Say you’re strolling the orderly aisles of Target on your bimonthly bulk-item bender when out from the Rubbermaid aisle pops a stately old codger who insists on talking shop.
His monologue is reasoned, occasionally entertaining, but absent any particular insight—he just can’t compete with a winter’s worth of toilet paper for nine bucks. Nevertheless, the old man keeps pace with your cart, if not your fancies, and continues prattling away, like Andy Rooney on Quaaludes. “What we buy says a lot about who we are,” goes one of his refrains. You begin to notice his tendency to discuss everyday shopping behavior with a reverence normally reserved for an Alan Greenspan press conference.
Not quite a Yoda of the mini-mall, Atlantic Monthly contributor Thomas Hine seems like a man incapable of leaving Ikea in less than five hours. His I Want That! How We All Became Shoppers is a cultural history of how and what and why we buy. It considers the agora of ancient Athens and the fairs of medieval Europe—where shoppers’ safe passage was guaranteed by the hosting overlord—and proceeds to the 19th-century department stores that defined their cities, like London’s Harrods and New York’s A.T. Stewart’s. And of course Hine gives consideration to that ubiquitous wonder, Wal-Mart:
“Never before have so many goods come together from so many places at such low cost,” he gushes. “And never before have so many people been able to buy so many things....[But] [n]ever before has so much seemed so dull.” But this point is soon lost in Hine’s rush to glorify stuff—and our inalienable right to buy it.
Hine, best known for 1986’s Populuxe, an illustrated tour of the halcyon ’50s, excels at unearthing lesser-known retail history. Some of the more remarkable changes in shopping chronicled in these pages concern the transition from smaller stores, where proprietors handled every single request, to the laissez-faire emporiums that allow customers to roam free. Hine notes that this form of sales was much quicker to catch on in the United States than in the more socially rigid European societies.
Regrettably though, the title of I Want That! is considerably more dynamic than its contents. This problem arises largely because the author offers less analysis than breathtaking tautology and restatement of the obvious. For instance, he argues that shopping has become so ingrained into the fabric of our lives that it often defies analysis. Trying anyway, he does manage to illuminate some of what’s behind our daily purchases. But his book feels like a glorification of mall denizens with its nearly obsessive championing of consumer choice. Hine’s apparent inability to tackle the downsides of consumer culture—the passivity and sense of entitlement fostered by a society that produces few tangible products, the seeming imperative of instant gratification—produces a perverse portrait of America’s other national pastime.
That Hine refrains from reflexive consumer-bashing is admirable. However, it’s less than satisfying when instead of addressing the common claims of consumer critics, Hine merely dismisses them by striking the pose of stalwart defender of the common customer. Call him a shopulist. Consumers are not dupes, he argues—they compare, research, and often agonize before buying. Certainly this is true of adults and big-ticket purchases, but one wonders if the author has ever witnessed a teenager blow through 20 bucks.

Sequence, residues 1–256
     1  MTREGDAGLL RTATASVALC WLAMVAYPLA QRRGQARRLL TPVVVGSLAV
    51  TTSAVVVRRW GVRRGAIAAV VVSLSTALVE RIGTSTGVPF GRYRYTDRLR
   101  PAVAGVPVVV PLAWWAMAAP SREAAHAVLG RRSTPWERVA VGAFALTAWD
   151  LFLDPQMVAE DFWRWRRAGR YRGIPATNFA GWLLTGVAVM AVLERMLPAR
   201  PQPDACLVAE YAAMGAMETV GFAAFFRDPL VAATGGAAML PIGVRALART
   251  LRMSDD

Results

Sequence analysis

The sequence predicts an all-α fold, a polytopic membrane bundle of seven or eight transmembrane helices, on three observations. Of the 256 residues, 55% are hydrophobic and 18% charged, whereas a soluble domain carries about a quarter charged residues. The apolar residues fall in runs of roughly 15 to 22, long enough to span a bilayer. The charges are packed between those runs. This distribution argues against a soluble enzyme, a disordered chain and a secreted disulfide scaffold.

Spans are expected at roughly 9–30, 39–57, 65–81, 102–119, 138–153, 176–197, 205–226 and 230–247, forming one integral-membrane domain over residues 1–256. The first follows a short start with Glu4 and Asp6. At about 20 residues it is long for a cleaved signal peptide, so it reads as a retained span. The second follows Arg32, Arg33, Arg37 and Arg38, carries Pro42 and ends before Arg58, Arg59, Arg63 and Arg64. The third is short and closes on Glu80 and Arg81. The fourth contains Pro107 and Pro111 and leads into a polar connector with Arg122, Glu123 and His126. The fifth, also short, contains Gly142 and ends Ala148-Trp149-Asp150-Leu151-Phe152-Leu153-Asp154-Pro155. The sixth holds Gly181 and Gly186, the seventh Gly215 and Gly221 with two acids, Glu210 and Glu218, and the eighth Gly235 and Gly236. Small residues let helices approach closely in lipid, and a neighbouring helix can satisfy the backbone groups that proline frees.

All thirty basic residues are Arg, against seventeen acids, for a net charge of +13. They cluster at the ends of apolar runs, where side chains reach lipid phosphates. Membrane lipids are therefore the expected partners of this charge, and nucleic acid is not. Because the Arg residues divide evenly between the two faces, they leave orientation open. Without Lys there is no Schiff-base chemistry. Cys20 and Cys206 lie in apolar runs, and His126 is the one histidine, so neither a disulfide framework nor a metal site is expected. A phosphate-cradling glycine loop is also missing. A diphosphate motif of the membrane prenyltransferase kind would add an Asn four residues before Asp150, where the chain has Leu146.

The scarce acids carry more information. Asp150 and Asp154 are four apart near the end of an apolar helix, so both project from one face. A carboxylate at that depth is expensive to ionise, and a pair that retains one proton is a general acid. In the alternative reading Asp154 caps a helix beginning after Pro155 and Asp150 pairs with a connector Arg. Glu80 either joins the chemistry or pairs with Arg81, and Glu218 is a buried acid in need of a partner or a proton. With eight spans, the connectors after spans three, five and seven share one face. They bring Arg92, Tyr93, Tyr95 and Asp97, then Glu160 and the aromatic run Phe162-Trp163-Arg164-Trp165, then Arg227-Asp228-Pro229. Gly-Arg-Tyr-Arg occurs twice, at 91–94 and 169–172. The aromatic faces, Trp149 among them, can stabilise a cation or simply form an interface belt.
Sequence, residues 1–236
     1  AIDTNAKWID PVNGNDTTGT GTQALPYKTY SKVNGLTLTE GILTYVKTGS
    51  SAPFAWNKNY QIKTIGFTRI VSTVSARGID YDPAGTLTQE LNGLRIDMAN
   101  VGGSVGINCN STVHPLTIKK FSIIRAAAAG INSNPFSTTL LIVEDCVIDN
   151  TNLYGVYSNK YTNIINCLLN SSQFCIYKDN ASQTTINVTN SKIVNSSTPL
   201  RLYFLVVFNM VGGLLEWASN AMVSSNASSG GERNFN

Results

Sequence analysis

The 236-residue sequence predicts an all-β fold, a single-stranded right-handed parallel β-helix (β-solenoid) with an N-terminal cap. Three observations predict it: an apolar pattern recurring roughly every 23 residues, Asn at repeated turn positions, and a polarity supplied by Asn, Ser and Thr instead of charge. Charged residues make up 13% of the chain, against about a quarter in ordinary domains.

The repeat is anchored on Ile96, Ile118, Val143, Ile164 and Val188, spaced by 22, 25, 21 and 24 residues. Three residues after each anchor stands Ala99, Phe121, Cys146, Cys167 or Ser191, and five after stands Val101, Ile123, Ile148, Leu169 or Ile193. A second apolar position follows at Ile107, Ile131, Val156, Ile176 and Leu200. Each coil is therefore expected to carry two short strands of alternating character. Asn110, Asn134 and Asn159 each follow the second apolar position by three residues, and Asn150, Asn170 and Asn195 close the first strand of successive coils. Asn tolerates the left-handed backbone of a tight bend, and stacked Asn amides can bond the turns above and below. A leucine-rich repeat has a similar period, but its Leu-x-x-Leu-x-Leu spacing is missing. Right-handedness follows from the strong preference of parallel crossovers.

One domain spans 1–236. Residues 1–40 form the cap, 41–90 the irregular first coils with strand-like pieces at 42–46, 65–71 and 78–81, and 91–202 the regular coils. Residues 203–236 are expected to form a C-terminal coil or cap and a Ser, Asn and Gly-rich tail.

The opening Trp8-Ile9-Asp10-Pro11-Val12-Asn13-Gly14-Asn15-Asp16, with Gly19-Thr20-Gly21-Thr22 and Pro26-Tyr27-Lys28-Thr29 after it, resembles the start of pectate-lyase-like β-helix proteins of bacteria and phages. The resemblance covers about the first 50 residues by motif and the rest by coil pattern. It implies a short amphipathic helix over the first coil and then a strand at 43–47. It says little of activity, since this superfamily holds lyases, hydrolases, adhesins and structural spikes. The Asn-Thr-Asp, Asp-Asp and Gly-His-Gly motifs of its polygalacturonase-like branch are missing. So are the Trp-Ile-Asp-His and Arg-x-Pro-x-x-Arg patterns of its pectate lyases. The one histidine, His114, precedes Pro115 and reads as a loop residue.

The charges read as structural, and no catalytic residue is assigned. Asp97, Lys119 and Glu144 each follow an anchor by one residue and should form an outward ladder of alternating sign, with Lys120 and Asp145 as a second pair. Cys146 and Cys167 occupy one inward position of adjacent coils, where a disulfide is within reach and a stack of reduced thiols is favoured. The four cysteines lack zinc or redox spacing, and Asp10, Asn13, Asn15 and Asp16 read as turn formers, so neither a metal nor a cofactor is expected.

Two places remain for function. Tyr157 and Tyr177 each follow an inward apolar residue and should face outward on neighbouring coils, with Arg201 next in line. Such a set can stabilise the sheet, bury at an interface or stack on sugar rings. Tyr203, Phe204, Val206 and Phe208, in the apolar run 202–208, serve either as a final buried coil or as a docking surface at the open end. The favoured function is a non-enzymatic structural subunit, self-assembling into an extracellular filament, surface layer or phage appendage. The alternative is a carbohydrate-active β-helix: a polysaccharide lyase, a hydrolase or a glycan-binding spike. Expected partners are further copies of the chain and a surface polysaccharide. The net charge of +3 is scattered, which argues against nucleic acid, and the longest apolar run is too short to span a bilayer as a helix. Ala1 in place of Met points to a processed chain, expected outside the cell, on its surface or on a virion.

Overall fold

One popular anti-consumer bromide Hine does address is the claim that we shop to compete in a status arms race with the social group above us. The alacrity with which fashion trends spread within a subculture says more about the need for group members to affirm their bonds with one another than any desire to ascend a external hierarchy. Hine offers the example of the enduring tradition of African-American women churchgoers, with their formal dress and elaborate hats. “African American women aren’t trying to look like white women; they believe they look better.” You don’t have to look far to find other examples of buying to fit in. Unfortunately, though, Hine’s observations here fail to concede the basic point that our purchases are only a small part of who we are and how we relate to one other.
Most of the recent discourse on this country’s colossal consumption concerns its environmental and geopolitical consequences. Witness the many campaigns against SUVs from such unlikely quarters as evangelical Christians (What Would Jesus Drive?) and NPR’s “Car Talk” consiglieres, Click and Clack. Yet Hine is so enraptured by today’s historical opportunity for citizens to choose and for the poor to have plenty (of junk), that he’s quite content to dismiss the dark underbelly of consumer society: its failure to self-sustain, not to mention the chasm it has helped create between First World consumers and Third World producers. Hine’s principal assertion, that buying is “primarily a practical expression of power,” seems disingenuous. The tale of consumption is one-sided without the story of its evil twin: production. Though Hine is certainly not required to agonize over the state of Third World sweatshops, he seems curiously undisturbed (or, worse, deluded) over the fact that most of his allegedly empowering products are manufactured by those who lack the political and economic rights of the shoppers who consume them.
And Hine also seems oblivious to the nature of the objects offered in service to his beloved consumer bounty—namely, that they are ephemeral. How much of what we buy today is remembered a year later? Even the most obsessive stereophile or kitsch connoisseur will hesitate to claim that what he owns defines him. Perhaps when epitaphs start reading “I Got the Most From My Costco Card” or “Check Out My Vintage Barbies,” Hine’s argument will have reached the heart of consumer culture. Until then, his analysis goes no deeper than the surface of our lives. Just like our beloved American stuff.